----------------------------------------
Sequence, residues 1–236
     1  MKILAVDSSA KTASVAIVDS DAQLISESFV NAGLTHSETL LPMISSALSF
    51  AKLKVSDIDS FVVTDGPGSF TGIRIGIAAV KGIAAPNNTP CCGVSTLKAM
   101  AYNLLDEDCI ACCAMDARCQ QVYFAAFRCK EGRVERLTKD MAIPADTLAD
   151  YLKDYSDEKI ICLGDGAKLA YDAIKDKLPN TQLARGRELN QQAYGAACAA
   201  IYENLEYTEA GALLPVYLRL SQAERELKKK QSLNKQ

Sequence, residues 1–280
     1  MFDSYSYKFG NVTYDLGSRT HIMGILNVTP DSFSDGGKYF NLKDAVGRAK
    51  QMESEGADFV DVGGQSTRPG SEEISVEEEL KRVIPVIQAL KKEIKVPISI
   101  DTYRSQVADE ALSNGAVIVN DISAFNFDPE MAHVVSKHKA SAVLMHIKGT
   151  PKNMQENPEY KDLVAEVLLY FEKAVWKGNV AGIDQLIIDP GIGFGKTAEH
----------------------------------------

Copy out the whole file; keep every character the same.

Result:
Sequence, residues 1–236
     1  MKILAVDSSA KTASVAIVDS DAQLISESFV NAGLTHSETL LPMISSALSF
    51  AKLKVSDIDS FVVTDGPGSF TGIRIGIAAV KGIAAPNNTP CCGVSTLKAM
   101  AYNLLDEDCI ACCAMDARCQ QVYFAAFRCK EGRVERLTKD MAIPADTLAD
   151  YLKDYSDEKI ICLGDGAKLA YDAIKDKLPN TQLARGRELN QQAYGAACAA
   201  IYENLEYTEA GALLPVYLRL SQAERELKKK QSLNKQ

Sequence, residues 1–280
     1  MFDSYSYKFG NVTYDLGSRT HIMGILNVTP DSFSDGGKYF NLKDAVGRAK
    51  QMESEGADFV DVGGQSTRPG SEEISVEEEL KRVIPVIQAL KKEIKVPISI
   101  DTYRSQVADE ALSNGAVIVN DISAFNFDPE MAHVVSKHKA SAVLMHIKGT
   151  PKNMQENPEY KDLVAEVLLY FEKAVWKGNV AGIDQLIIDP GIGFGKTAEH